Dragon's Den star Brett Wilson brought his cut-throat questions and promise of entertainment to a city hall matter on Tuesday.
Seated with five aldermen, and Calgary Mayor Naheed Nenshi, Wilson heard pitches from the council members on how the city should spend a $52 million tax surplus.
With more than 200 people dropping in for the lunch-hour debate at Devonian Gardens in the downtown core, Wilson demanded clear answers, calling out participants by saying things like, "That was a very political speech with no answer."
"Does this go on at every council meeting?" asked Wilson when he pressed aldermen for alternatives to their proposals.
"They're all politicians.
"Getting a straight answer out of these guys is usually pretty hard, so in this format I think we did a pretty good job."
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Aldermen took the Dragon's Den-like tongue lashings in stride and didn't shy away from cracking jokes on their own behalf.
When asked about what he thought of one of the ideas floated about, which would see the money go back to taxpayers, Wilson equaled the idea to Ralph Bucks -- money given back to Albertans during the reign of former Premier Ralph Klein -- something he called, "The stupidest use of capital that our province has ever used."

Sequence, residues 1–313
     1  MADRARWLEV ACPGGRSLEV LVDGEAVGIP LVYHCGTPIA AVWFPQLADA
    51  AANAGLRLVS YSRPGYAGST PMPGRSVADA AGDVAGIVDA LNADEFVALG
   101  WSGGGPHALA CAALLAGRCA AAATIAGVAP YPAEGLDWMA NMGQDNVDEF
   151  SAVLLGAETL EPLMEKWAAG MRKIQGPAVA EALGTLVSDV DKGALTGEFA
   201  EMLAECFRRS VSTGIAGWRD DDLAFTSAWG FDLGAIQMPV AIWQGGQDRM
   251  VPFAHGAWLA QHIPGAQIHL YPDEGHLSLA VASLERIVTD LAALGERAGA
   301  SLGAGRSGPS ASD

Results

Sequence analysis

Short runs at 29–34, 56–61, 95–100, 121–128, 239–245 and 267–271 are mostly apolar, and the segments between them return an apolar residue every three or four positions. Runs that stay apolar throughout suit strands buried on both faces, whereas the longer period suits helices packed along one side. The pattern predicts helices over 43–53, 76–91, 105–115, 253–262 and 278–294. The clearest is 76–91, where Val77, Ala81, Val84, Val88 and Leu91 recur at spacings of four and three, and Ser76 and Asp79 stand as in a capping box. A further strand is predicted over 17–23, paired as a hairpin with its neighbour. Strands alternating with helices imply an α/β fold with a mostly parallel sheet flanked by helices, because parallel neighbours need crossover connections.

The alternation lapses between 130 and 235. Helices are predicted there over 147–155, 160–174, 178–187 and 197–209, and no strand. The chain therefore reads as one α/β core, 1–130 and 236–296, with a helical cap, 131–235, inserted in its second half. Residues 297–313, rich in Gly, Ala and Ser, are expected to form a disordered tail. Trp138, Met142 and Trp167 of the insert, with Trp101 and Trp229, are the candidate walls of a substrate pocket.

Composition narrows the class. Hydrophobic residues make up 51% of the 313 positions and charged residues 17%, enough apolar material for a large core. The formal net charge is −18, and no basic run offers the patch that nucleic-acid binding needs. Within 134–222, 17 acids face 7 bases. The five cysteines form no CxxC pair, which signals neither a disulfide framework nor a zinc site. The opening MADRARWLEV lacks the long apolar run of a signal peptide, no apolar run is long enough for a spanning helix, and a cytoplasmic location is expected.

"I'd rather see the money back into our city than buy coffee."
Some aldermen refused to participate in the debate, calling it a circus or a gimmick with no real purpose. Wilson didn't have kind words for those politicians.
"They should be spanked or resign, one of the other, or maybe go to the Senate," he said.
Whether it was a gimmick or not, spectator Ros Doi thought the debate was a good idea.
"Either way, it got people out and more people are informed as a result," she said.
"We tried to keep it short, keep it tight and keep it entertaining, because if it's not entertaining nobody watches," Wilson told The Huffignton Post Alberta.
The reality-TV inspired debate is a way of getting Calgarians' input on how to spend a $52 million tax surplus.
The city launched a website www.calgary.ca/52million where Calgarians can vote for their preferred option, call the city, or people can engage in mall events across Calgary to share their feedback.
Nenshi emphasized that the city hasn't made their pick yet, and encouraged Calgarians to participate.
"I have never been more proud, as I listen to this kind of dialogue and conversation, at the fact that I choose to call Calgary, and always will call Calgary, home," Wilson said.